Phil Barrar: What It Takes To Build A Fintech Startup

Phil Barrar: What It Takes To Build A Fintech Startup

Co-authors: Phil Barrar and Skyla Valade.

What It Takes To Build A Fintech Startup: Thoughts From Our Fintech Hub Event with serial fintech founder Phil Barrar.

Building a fintech startup presents a unique set of challenges, many of which were discussed in our recent Fintech Hub Open Chat & Workshop with industry leader and serial fintech founder Phil Barrar. We explored the major steps of the process and the role of fintech in building more accessible and affordable products for the everyday consumer.

The Recipe for Success

Throughout the workshop, our guest shared takeaways learned through their personal experience in the fintech industry. These takeaways come together harmoniously as a useful checklist for any fintech founder.

  • Building trust with the consumer is essential, which includes strong security practices but often relies more powerfully on design and user experience.
  • Pricing your product correctly doesn’t always mean going low, it’s crucial to consider and reconsider pricing throughout your journey.
  • Make your value proposition potent and quick. You should understand how to communicate your value proposition in 15 seconds.
  • Your onboarding needs to be as frictionless as possible, anything you can do to make it easier is worth considering. Every click counts.
The Key Milestones for Your Fintech Startup
Step 1: Creating a Minimal Viable Product

No matter what form this takes, creating your MVP is step 1 in the fintech journey. This could be a spreadsheet, a design, a fleshed-out document, but it needs to showcase what you’re trying to build effectively. You can share this MVP with friends and people in your network to get early feedback and see if anyone can challenge your assumptions.

Step 2: Customer Discovery

Customer Discovery is the next stop in your roadmap, and allows you to understand your audience. This phase consists of data gathering, surveys, conversations, industry research, and more. You want to build confidence in your understanding of who exactly your product is for, and ensure that people find value in the idea. This step also gives you a valuable opportunity to start considering your major customer segments.

Step 3: Validating the Business

At this stage, it’s time to validate your business by building the basics. Make sure your thoughts, ideas, and direction are all documented, and get started on:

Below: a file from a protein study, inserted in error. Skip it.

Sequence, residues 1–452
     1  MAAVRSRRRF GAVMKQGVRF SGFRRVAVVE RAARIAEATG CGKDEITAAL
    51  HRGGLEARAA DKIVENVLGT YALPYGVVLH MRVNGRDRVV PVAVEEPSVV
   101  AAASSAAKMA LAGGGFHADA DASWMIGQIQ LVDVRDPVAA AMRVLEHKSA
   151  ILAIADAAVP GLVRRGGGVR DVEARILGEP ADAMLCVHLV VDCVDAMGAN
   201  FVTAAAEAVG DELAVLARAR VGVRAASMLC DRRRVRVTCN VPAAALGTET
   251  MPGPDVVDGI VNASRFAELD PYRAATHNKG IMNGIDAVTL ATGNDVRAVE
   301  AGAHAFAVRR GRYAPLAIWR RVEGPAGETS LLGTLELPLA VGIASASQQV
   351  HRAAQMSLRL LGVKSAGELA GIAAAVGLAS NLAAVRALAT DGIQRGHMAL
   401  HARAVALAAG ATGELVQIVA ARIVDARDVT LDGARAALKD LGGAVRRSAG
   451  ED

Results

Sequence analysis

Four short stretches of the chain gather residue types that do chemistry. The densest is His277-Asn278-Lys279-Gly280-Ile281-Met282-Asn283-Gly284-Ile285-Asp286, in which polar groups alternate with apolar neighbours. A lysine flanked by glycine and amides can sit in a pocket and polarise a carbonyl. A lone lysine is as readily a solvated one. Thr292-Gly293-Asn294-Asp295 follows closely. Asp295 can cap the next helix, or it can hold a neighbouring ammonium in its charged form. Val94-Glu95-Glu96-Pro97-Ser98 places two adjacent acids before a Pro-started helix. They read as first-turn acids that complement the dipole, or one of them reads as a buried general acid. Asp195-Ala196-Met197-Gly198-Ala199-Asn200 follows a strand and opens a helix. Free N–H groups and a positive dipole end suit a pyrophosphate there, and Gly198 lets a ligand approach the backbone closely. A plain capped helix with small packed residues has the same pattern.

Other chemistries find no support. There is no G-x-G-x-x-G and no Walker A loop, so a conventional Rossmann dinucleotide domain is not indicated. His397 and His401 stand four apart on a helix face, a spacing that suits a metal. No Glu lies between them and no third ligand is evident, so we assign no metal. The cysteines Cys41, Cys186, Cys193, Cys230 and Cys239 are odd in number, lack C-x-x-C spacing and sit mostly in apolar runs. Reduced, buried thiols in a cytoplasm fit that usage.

• Building detailed financial models
  • Building a wireframe or mockup of your product, what you want the customer experience to look and feel like
  • Start building a minimally viable brand
  • Creating a refined pitch deck to communicate your idea outwardly
Step 4: Setting Up the Business

When your idea is validated and strengthened, you can move on to truly setting it up. Using tools like AngelList and Fintech Cadence can help support your legal and financial structure. This step may feel like the “boring business stuff,” but it can have the biggest overall impact on your business later on, so it deserves your full care and attention.

Step 5: Building the Team

Build a strong, reputable team of Engineers, Designers, Marketers, and Advisors. At this stage of your business, you’re looking for ways to keep your team lean but motivated, which means that building equity incentive programs may be a great option for you to explore.

Step 6: Managing Vendors & Partners

Picking the right vendors, partners, and service providers makes all the difference not only to your journey, but to the end product itself. Many key tools like AWS, G Suite, Shortcut, Bitrise, and Auth0 have startup programs that you can take advantage of. Other supplier relationships can be negotiated, and you can start building long-term relationships with vendors you really value.

Step 7: Fundraising

If you’re planning to raise money, creating a detailed fundraising forecast is essential. Financing is complex, and it’s important to be thoughtful of how and where you’re raising money. Create investment criteria and keep in mind the goal of your fundraising: each round should aim to unlock the next level. For example, at the Seed level, you’re validating the ability to put your team together along with a solid product. At Series A and B, you’re validating the ability to grow the company and establish solid unit economics.

Step 8: Pitching Investors

In order to validate and unlock each of these levels, you need to consider who is at the table with you and select investors that are adding value. Think about who you want to be there when your company is facing its toughest challenges— it’s at those moments where the value of your well-selected investors will shine through.

If you want the right investors, you need the right pitch. Knowing your pitch backwards and forwards is necessary, but also knowing the messages you want potential investors to be walking away with. What do you want them to remember? Prioritize the top of that list when structuring your formal pitches and informal conversations. The right investors can be found anywhere, and you’ll likely need to start by networking, networking, networking— so having these takeaways top of mind ensures that you won’t miss a beat or an opportunity.

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